My latest (and so far only) book is Beyond The Comfort Zone. It is a memoir of a short period in my life. Having enjoyed a career as a professional musician for the rich and famous, in 2002 I moved to south east Asia where I eventually came into contact with the child trafficking trade. Together with an acquaintance and the help of a US organization we attempt to gain the confidence of the traffickers and bring them to justice – saving the cargo in the process. There is a little bit in there about those hedonistic days of traveling the world as a highly paid musician, but this is really just a foil to throw into stark contrast the subsequent adventure in Asia. It’s a tale that follows two young men trying to do the right thing and in the process nearly losing themselves as they spiral downwards into a shadowy world where human lives, at least their lives, are worth nothing. There is danger, intrigue, high emotion and a fragile love story woven together in what I hope is quite a page-turner.
Tell us something about yourself.
I am from Manchester in the UK originally. My professional life before the book was really consumed by my career as a professional session musician playing for a series of high profile artists. I was a Sax player and later a composer/songwriter. Although I’ve always written I’ve only recently started pursuing it seriously with both my book and a series of screenplays.
What inspired you to write this book?
The events contained in the book were all the inspiration I needed. I knew it was going to be a tale worth the telling from the moment I started living the events that unfold throughout the narrative.
How did you choose the title?
For the longest time the book was going to be called ‘Be Careful What You Wish For’ . I finally settled on ‘Beyond the Comfort Zone’ as I thought it conveyed my personal journey and philosophy, as well as possibly encouraging readers to live outside of their own comfort zones.
What obstacles did you encounter in getting this book published? How did you overcome them?
Strangely enough my main obstacle was writing the story I wanted to write. I had two offers from mainstream publishers who wanted me to write a more music focused book because of the high profile celebrities I had played for. The solution was to get together with a couple of people and form a publishing entity and write the book I wanted to. The end result is better for it in my opinion.
How did you know you wanted to be a writer? How did you get started?
I had always written from a young age, but just short stories. I began writing again almost by accident. I always need be creative in some shape or form, whether it is playing and instrument or another avenue. Writing is just a manifestation of that and something I think I can do reasonably well. I remember I wrote a short story, longhand, and pasted it in the pages of a magazine. I then went around reading it to people, (concealing the pages of the mag) and asking them who they thought wrote it. When people were saying things like ‘Mario Puzo or Martin Cruz-Smith’ I knew I probably had some skill in story-telling. I still remember their faces, when they found out it was me!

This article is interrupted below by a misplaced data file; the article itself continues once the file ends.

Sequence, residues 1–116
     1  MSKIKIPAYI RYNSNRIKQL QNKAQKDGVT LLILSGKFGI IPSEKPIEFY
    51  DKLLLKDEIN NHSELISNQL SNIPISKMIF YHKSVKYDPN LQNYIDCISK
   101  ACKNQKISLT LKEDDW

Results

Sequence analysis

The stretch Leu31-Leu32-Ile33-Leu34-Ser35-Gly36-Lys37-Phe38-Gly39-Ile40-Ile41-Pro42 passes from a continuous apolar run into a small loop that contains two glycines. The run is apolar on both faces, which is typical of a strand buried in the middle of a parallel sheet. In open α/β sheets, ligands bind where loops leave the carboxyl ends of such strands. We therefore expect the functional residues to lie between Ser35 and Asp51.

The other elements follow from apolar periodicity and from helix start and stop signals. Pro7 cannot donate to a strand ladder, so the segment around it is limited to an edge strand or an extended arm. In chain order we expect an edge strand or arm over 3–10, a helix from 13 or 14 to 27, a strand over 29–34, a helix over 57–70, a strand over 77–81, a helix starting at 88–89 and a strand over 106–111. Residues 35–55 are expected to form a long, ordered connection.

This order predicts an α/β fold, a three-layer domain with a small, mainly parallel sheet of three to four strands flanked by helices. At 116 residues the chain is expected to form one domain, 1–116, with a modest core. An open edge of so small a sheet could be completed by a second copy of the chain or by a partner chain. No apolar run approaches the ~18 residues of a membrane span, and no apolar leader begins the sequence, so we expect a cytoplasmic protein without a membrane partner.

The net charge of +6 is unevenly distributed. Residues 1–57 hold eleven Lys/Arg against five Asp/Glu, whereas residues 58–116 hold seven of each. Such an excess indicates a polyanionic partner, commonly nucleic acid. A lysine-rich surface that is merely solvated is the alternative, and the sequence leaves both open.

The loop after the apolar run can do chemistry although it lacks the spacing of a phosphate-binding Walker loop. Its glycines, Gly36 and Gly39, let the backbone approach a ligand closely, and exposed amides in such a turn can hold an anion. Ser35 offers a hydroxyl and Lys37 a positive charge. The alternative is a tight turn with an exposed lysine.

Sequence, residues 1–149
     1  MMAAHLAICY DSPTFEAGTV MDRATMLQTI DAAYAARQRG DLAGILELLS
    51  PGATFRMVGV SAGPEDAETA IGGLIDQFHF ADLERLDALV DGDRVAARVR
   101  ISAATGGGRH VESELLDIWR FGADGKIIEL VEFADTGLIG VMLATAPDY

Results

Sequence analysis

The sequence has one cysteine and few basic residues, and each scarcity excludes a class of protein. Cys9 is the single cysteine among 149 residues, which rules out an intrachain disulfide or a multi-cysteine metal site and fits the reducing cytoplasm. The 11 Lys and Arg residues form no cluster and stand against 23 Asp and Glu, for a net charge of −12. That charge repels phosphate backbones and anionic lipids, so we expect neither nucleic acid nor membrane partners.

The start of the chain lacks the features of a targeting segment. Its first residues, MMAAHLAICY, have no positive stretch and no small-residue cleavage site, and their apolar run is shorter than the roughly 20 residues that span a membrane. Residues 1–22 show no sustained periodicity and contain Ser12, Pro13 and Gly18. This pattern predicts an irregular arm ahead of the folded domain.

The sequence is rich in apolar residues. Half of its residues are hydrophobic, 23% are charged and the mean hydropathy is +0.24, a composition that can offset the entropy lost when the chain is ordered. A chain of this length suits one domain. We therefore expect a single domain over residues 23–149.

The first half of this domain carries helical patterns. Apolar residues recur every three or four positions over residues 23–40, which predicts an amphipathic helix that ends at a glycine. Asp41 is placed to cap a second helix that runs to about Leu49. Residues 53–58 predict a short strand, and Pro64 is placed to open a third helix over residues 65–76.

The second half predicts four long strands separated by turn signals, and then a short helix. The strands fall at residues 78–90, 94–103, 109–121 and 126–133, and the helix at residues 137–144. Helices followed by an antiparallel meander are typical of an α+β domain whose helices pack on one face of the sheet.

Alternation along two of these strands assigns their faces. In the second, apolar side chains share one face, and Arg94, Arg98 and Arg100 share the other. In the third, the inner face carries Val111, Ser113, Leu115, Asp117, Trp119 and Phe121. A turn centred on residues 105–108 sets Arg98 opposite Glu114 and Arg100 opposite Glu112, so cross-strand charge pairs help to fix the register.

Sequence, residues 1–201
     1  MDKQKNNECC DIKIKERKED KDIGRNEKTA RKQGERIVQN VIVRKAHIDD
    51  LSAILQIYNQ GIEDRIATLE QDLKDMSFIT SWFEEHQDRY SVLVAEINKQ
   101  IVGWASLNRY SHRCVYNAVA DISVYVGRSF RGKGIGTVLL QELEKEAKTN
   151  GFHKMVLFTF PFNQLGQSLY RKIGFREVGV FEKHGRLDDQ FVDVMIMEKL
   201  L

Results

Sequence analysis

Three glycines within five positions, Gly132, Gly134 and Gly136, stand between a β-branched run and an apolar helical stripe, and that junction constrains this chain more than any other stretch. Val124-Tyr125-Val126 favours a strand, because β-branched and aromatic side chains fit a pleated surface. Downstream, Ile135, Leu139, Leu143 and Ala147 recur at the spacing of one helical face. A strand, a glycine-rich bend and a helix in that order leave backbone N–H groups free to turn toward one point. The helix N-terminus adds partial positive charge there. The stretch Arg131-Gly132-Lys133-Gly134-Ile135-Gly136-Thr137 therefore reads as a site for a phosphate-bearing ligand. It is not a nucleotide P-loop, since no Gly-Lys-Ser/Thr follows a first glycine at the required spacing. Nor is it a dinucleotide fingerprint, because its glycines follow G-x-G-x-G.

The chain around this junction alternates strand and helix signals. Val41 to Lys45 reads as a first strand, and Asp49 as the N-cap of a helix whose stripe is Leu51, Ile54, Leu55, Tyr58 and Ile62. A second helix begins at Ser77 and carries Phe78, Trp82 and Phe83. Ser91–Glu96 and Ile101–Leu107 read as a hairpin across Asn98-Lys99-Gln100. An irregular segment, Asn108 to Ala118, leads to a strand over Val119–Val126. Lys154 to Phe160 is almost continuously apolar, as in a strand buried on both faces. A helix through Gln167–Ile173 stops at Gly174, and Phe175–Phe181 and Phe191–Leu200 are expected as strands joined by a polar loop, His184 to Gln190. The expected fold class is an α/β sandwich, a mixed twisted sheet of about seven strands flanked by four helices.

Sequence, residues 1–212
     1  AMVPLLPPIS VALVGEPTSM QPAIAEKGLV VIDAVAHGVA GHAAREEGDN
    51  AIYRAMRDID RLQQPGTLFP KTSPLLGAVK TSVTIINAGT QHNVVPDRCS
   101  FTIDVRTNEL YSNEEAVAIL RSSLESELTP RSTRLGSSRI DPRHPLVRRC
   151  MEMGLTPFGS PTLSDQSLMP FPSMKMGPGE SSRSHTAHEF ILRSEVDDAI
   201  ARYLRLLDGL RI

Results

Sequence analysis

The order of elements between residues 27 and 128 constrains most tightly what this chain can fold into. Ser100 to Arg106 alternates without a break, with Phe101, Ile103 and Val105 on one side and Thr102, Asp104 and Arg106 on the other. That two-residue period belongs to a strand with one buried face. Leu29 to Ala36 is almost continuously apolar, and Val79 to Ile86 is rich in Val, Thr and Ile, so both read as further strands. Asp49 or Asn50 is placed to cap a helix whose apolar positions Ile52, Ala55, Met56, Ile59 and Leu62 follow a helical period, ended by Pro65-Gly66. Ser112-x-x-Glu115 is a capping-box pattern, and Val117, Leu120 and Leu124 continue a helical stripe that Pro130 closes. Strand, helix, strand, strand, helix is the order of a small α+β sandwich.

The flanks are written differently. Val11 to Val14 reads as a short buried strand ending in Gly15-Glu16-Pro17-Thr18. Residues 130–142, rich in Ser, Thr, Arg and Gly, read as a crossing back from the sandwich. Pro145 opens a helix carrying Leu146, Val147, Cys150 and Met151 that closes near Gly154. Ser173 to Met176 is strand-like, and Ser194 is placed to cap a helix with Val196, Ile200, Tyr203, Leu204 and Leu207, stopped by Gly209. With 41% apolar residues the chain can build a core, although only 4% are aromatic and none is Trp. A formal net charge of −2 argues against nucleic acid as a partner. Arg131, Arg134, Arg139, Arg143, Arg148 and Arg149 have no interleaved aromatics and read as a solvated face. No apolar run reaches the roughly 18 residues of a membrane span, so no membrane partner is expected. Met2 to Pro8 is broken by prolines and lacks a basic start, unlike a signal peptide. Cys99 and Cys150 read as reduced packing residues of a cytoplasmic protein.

Do you have any writing rituals?
Green tea. I like to have some degree of isolation and plenty of concentration inducing green tea.
How do you come up with the names for your characters?
Well, as the story is a memoir the characters are real. However I’ve changed certain names to protect the individuals involved.
Did you learn anything from writing and publishing this book? What?
That I can finish something like this. It’s quite an undertaking to commit to writing 80,000+ words, and make the whole body of work readable.
What types of books do you like to read? Who are your favorite authors? Why?
I tend to read adventure based thrillers and memoirs, but I also like history. My two favourite fiction writers are Martin Cruz Smith and James Clavell. James Clavell ties history nicely into the framework of his novels, his research is remarkable.
Are you working on your next book? What can you tell us about it?
I’m playing around with a couple of ideas at the moment but nothing I can share with you at this point.
What is the best advice you could give other writers about writing or publishing?
Be disciplined. Write every day, set a word goal 1000, 2000 whatever it happens to be and stick to it. Don’t listen to those that say you cannot do it.
Who is the perfect reader for your book?
People who like a good memoir. People who like thrillers. People who like adventure stories and those who like stories set in exotic locations. Hmm, that’s a pretty big audience!
Where can readers learn more about you and your book?